Nanoscientists develop the 'ultimate discovery tool': Rapid discovery power is similar to what gene chips offer biology June 25th, 2016

Nanotechnology and math deliver two-in-one punch for cancer therapy resistance June 24th, 2016

Self-assembling icosahedral protein designed: Self-assembling icosahedral protein designed June 22nd, 2016

Stealth nanocapsules kill Chagas parasites in mouse models June 22nd, 2016

Discoveries

Superheroes are real: Ultrasensitive nonlinear metamaterials for data transfer June 25th, 2016

Russian physicists create a high-precision 'quantum ruler': Physicists have devised a method for creating a special quantum entangled state June 25th, 2016

Nanoscientists develop the 'ultimate discovery tool': Rapid discovery power is similar to what gene chips offer biology June 25th, 2016

Ultrathin, flat lens resolves chirality and color: Multifunctional lens could replace bulky, expensive machines June 25th, 2016

Materials/Metamaterials

Superheroes are real: Ultrasensitive nonlinear metamaterials for data transfer June 25th, 2016

Coexistence of superconductivity and charge density waves observed June 23rd, 2016

GraphExeter illuminates bright new future for flexible lighting devices June 23rd, 2016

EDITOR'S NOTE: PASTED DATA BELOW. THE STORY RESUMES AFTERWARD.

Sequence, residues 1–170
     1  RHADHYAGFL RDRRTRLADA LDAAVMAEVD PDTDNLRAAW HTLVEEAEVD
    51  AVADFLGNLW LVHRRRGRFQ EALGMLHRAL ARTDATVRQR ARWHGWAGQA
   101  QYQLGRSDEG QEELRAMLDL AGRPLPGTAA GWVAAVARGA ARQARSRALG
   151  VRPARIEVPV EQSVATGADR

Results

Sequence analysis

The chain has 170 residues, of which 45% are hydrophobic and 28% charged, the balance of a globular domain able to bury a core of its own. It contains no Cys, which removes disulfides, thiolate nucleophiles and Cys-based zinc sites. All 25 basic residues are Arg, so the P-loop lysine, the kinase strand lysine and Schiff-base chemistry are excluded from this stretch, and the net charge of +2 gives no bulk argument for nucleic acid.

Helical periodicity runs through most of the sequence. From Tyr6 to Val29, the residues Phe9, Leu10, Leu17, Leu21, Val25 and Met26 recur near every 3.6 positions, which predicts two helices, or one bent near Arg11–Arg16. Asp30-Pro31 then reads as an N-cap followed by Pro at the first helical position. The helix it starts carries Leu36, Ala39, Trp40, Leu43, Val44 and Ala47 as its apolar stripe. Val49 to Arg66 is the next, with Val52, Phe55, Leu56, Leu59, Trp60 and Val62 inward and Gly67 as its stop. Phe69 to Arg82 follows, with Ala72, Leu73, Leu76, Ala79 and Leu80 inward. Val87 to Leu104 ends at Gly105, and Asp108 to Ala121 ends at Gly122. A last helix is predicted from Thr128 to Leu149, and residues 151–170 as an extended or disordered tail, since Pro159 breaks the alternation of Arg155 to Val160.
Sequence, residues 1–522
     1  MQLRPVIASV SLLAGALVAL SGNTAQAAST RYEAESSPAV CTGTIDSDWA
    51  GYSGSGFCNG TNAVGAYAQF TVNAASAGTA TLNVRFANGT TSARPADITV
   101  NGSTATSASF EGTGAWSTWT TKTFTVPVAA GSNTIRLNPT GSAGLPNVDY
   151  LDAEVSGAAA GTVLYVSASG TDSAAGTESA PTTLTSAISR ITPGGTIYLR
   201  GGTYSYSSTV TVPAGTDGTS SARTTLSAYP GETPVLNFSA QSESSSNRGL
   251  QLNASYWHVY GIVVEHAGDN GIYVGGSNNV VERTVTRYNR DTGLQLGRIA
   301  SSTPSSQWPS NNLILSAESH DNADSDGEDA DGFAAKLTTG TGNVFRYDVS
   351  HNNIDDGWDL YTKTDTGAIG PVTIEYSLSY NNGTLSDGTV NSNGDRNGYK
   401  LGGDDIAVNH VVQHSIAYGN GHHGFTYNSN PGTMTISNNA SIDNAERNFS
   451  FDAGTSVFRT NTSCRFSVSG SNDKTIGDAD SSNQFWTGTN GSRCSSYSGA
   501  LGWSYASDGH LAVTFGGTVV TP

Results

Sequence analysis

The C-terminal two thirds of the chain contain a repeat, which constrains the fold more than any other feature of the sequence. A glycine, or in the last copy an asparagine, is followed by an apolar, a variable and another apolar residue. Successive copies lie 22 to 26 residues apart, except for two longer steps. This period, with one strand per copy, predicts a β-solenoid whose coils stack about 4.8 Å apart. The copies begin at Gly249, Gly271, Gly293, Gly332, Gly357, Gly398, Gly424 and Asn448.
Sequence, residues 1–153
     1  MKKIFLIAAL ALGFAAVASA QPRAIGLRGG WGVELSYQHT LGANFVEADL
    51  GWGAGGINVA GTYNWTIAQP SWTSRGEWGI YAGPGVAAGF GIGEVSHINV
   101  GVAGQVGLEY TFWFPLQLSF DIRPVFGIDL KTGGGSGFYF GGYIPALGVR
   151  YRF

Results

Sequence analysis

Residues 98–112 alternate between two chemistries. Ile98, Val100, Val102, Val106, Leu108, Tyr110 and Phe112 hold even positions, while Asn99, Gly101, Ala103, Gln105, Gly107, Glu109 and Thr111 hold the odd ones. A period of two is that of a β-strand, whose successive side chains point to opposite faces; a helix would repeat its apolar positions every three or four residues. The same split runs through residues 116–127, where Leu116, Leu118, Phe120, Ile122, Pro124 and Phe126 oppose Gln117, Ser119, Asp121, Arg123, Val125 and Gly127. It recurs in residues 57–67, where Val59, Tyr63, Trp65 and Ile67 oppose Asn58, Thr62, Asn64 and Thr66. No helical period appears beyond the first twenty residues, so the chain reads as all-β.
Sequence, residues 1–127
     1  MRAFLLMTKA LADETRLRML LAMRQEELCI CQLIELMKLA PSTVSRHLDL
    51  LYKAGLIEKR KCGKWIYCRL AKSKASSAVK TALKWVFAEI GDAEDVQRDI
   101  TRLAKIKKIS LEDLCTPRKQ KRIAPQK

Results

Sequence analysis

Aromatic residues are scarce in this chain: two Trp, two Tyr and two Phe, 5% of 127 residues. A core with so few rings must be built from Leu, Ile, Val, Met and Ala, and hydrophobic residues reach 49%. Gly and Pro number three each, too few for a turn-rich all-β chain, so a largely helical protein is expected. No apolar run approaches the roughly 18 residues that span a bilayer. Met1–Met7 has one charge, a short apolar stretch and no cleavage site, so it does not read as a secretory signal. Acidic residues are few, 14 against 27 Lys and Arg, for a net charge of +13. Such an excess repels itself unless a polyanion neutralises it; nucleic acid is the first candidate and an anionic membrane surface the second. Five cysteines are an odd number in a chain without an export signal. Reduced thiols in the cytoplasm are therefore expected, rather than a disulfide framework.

Soft decoupling of organic molecules on metal June 23rd, 2016

Announcements

Superheroes are real: Ultrasensitive nonlinear metamaterials for data transfer June 25th, 2016

Russian physicists create a high-precision 'quantum ruler': Physicists have devised a method for creating a special quantum entangled state June 25th, 2016

Nanoscientists develop the 'ultimate discovery tool': Rapid discovery power is similar to what gene chips offer biology June 25th, 2016

Ultrathin, flat lens resolves chirality and color: Multifunctional lens could replace bulky, expensive machines June 25th, 2016

Environment

The use of nanoparticles and bioremediation to decontaminate polluted soils June 14th, 2016

UQ research accelerates next-generation ultra-precise sensing technology June 10th, 2016

VentureLab nanotechnology startup wins TechConnect Innovation Award June 2nd, 2016

The next generation of carbon monoxide nanosensors May 26th, 2016

Energy

Nanoscientists develop the 'ultimate discovery tool': Rapid discovery power is similar to what gene chips offer biology June 25th, 2016

Researchers discover new chemical sensing technique: Technique allows sharper detail -- and more information -- with near infrared light June 24th, 2016

FEI and University of Liverpool Announce QEMSCAN Research Initiative: University of Liverpool will utilize FEIís QEMSCAN technology to gain a better insight into oil and gas reserves & potentially change the approach to evaluating them June 22nd, 2016

Titan shines light on high-temperature superconductor pathway: Simulation demonstrates how superconductivity arises in cuprates' pseudogap phase June 22nd, 2016

NanoNews-Digest
The latest news from around the world, FREE




  Premium Products
NanoNews-Custom
Only the news you want to read!
 Learn More
NanoTech-Transfer
University Technology Transfer & Patents
 Learn More
NanoStrategies
Full-service, expert consulting
 Learn More











ASP
Nanotechnology Now Featured Books




NNN

The Hunger Project







Car Brands
Buy website traffic